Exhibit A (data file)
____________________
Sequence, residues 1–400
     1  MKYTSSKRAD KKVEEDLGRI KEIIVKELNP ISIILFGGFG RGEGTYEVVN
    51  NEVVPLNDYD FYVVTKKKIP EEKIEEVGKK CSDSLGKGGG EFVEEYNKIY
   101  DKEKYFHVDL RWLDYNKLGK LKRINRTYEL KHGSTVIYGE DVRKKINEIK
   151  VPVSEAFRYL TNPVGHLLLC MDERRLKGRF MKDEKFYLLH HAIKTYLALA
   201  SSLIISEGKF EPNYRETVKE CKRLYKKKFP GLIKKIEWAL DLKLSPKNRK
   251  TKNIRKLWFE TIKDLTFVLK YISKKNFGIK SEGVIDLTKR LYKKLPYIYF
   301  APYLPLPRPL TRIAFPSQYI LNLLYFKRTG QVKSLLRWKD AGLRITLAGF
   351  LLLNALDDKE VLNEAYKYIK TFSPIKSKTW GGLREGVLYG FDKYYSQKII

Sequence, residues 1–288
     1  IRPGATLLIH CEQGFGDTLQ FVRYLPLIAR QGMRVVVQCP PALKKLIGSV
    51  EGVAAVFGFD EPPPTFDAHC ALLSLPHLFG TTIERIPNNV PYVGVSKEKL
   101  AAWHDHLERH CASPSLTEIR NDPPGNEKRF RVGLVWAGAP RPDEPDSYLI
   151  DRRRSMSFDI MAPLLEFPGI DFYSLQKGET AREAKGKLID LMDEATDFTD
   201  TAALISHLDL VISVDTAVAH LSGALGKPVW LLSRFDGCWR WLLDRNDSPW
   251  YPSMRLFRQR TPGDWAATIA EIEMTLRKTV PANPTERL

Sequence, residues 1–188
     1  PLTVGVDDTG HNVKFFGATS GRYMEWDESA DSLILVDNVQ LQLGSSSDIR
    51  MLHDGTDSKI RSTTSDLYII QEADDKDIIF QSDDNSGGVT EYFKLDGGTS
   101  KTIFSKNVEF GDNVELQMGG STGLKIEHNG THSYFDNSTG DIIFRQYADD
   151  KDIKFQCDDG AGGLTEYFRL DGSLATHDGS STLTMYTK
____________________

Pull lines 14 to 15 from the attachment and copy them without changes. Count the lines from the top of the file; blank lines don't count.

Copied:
   151  DRRRSMSFDI MAPLLEFPGI DFYSLQKGET AREAKGKLID LMDEATDFTD
   201  TAALISHLDL VISVDTAVAH LSGALGKPVW LLSRFDGCWR WLLDRNDSPW